Atrazine chlorohydrolase (AtzA) and its close relative melamine deaminase (TriA) differ by just nine amino acid substitutions but have distinct catalytic activities. Together, they offer an informative model system to study the molecular processes that underpin the emergence of new enzymatic function. Here we have constructed the potential evolutionary trajectories between AtzA and TriA, and characterized the catalytic activities and biophysical properties of the intermediates along those trajectories. The order in which the nine amino acid substitutions that separate the enzymes could be introduced to either enzyme, while maintaining significant catalytic activity, was dictated by epistatic interactions, principally between three amino acids within the active site: namely, S331C, N328D and F84L. The mechanistic basis for the epistatic relationships is consistent with a model for the catalytic mechanisms in which protonation is required for hydrolysis of melamine, but not atrazine.
Citation: Noor S, Taylor MC, Russell RJ, Jermiin LS, Jackson CJ, Oakeshott JG, et al. (2012) Intramolecular Epistasis and the Evolution of a New Enzymatic Function. PLoS ONE 7(6): e39822. doi:10.1371/journal.pone.0039822
Editor: Renwick Dobson, University of Canterbury, New Zealand
Received: February 29, 2012; Accepted: May 28, 2012; Published: June 29, 2012
Copyright: © 2012 Noor et al. This is an open-access article distributed under the terms of the Creative Commons Attribution License, which permits unrestricted use, distribution, and reproduction in any medium, provided the original author and source are credited.
Funding: SN was supported by an Australian National University Postgraduate Scholarship and CSIRO’s Synthetic Enzymes Emerging Science Initiative. The funders had no role in study design, data collection and analysis, decision to publish, or preparation of the manuscript
Competing interests: The authors have declared that no competing interests exist.
The evolutionary mechanisms by which new catalytic functions of enzymes emerge have attracted considerable attention in recent times. Advances in our understanding of these processes have been greatly accelerated by developments in laboratory-based evolution of enzymes , . Such studies have highlighted the importance of enzymatic promiscuity  and trade-offs between the emergent activity and the catalytic and non-catalytic properties (e.g., stability) of the parent enzyme . Despite these advances, there have been few studies of natural systems in which evolution of a new function has been characterized at a molecular level , , . An opportunity to study the process that underpins the emergence of new enzymatic activities in natural systems is presented by bacterial enzymes that have recently diverged from their ‘natural’ physiological functions to acquire potentially useful roles in xenobiotic degradation , , .
Atrazine dechlorinase (AtzA) and its close relative melamine deaminase (TriA) offer an excellent model system to study the evolution of new enzyme function. AtzA and TriA were first described in two different Pseudomonas species; AtzA from atrazine-contaminated soil (Pseudomonas sp. strain ADP1 , ) and TriA from effluent from a melamine manufacturing plant (Pseudomonas sp. strain NRRLB-12227 ). These two bacterial species appear to be well adapted for the use of the respective xenobiotics as nitrogen and carbon sources. Pseudomonas sp. strain ADP1 is capable of mineralizing atrazine and its metabolites (but not melamine) and Pseudomonas sp. strain NRRLB-12227 is capable of mineralizing melamine and its metabolites (but not atrazine) , . The difference in metabolic capability is partly explained by differences in specificity between AtzA and TriA; AtzA is an efficient atrazine dechlorinase with no measurable deaminase activity, and TriA is an efficient deaminase with only a low level of promiscuous dechlorinase activity (Fig. 1) , , .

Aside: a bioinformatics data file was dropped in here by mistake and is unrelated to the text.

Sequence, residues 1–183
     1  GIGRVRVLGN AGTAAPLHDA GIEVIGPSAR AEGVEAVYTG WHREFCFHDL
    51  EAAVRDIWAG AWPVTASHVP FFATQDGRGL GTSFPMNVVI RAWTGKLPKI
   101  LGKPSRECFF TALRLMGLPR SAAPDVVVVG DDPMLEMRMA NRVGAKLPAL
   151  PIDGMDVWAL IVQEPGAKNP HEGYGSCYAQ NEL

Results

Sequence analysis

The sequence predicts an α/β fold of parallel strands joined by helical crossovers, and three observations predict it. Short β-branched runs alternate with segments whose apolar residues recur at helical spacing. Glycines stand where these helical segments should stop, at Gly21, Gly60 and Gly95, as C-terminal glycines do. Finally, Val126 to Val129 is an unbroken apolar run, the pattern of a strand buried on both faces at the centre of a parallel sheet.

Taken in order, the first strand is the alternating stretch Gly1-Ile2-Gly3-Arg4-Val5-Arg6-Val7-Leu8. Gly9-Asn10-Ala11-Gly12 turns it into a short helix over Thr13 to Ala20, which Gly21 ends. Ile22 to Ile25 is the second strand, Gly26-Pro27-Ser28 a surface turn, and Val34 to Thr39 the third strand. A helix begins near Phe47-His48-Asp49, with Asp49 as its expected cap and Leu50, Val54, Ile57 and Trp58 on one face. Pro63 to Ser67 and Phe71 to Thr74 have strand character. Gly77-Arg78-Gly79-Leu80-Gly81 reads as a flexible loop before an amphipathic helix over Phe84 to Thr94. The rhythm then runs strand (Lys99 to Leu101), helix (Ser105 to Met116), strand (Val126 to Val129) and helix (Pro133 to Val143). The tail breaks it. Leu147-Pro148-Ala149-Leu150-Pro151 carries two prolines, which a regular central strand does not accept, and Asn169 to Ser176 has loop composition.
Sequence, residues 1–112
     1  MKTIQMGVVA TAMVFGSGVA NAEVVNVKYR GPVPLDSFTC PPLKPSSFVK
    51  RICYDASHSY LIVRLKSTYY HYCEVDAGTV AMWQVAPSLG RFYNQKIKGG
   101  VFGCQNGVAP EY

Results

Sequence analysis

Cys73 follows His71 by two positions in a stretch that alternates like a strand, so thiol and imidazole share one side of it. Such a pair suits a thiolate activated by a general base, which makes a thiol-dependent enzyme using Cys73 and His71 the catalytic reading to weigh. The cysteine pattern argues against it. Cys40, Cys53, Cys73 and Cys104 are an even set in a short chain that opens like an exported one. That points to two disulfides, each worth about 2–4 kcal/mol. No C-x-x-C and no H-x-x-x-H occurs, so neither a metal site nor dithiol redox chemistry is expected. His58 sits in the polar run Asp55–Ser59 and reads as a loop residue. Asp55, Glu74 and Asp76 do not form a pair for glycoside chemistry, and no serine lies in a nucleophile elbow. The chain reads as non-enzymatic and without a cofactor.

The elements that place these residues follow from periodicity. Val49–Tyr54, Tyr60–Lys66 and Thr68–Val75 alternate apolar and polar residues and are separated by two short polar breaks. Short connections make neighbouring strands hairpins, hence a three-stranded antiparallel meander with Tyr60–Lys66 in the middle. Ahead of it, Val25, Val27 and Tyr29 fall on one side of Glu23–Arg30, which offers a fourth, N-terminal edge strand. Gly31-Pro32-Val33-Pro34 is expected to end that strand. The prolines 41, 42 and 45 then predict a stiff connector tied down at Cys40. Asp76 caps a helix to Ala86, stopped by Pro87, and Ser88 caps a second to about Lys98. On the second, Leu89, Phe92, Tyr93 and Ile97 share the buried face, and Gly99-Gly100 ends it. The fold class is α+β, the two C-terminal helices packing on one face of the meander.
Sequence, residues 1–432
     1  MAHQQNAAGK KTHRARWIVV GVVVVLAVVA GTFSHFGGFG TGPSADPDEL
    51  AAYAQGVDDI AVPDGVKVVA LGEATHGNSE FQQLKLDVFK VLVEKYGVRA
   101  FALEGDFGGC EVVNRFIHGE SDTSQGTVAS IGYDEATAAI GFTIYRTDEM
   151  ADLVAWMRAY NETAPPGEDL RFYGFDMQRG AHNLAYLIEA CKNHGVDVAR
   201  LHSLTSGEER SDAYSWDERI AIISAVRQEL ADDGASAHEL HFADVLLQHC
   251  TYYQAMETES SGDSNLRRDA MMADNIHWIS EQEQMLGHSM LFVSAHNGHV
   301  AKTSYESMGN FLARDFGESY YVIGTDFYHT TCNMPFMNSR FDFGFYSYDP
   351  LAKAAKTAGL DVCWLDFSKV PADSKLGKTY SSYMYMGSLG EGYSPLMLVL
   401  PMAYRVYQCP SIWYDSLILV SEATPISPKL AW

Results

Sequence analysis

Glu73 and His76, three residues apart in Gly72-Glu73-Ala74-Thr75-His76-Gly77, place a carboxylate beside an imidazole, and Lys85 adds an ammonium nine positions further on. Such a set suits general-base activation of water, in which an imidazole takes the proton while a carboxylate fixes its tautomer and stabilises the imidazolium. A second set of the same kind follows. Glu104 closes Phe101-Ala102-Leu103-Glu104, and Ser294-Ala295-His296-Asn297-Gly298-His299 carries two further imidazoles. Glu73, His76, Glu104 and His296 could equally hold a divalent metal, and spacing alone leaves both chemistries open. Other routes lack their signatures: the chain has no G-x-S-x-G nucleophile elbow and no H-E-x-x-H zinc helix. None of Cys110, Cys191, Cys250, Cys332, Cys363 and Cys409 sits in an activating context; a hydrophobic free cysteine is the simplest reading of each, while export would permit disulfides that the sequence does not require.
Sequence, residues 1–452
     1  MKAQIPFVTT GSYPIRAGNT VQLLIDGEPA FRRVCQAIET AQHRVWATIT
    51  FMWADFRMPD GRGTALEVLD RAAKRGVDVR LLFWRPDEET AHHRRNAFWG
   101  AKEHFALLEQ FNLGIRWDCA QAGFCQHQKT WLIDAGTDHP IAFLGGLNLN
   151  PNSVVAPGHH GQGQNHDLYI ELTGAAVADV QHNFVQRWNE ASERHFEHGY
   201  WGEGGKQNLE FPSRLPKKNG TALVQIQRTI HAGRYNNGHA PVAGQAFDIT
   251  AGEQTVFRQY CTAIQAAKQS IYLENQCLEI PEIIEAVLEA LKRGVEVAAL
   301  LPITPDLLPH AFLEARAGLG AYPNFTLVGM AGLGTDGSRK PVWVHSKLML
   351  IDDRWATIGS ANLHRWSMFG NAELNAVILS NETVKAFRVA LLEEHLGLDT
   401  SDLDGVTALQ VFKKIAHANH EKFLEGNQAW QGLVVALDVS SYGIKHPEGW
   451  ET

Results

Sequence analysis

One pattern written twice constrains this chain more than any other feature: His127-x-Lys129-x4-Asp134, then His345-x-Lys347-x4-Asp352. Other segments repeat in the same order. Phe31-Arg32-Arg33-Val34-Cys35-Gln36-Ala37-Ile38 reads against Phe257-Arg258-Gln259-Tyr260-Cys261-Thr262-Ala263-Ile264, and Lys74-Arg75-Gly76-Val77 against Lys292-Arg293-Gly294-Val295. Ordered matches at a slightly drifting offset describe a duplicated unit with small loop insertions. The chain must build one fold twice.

The hydrolytic deamination of melamine to ammeline by TriA and the dechlorination of atrazine to 2-hydroxyatrazine by AtzA are shown. TriA also possesses a low level of atrazine dechlorinase activity .
AtzA and TriA are metal-dependent hydrolases with 98% sequence identity to each other, differing by just 9/475 amino acids [i.e., F84L, V92L, E125D, T217I, T219P, I253L, G255W, N328D and S331C, with respect to the AtzA sequence: 17]. At least five of these substitutions are located within the active site of the enzyme (Fig. 2), and there are no synonymous differences between the two genes . It is unclear which of AtzA or TriA most closely resembles the ancestral vs. derived condition, but it is assumed that their divergence has been recent .
A homology model of the active site of AtzA  was used to illustrate the positions of five of the nine amino acid differences between AtzA and TriA. Shown here are the AtzA substrate (atrazine; green), amino acids identical in both AtzA and TriA (Q71, W87, L88, Q96, N126, M155, A216, A220, E246 and D250; white), and amino acids that differ between AtzA and TriA (positions 84, 217, 219, 328 and 331; purple).
AtzA has now been isolated from geographically and phylogenetically diverse bacterial species . Notably, however, little sequence variation has been found between the atzA gene from Pseudomonas sp. strain ADP1 and those isolated later. There have also been no reports of triA and atzA sequences being obtained from the same organism, or even from the same location.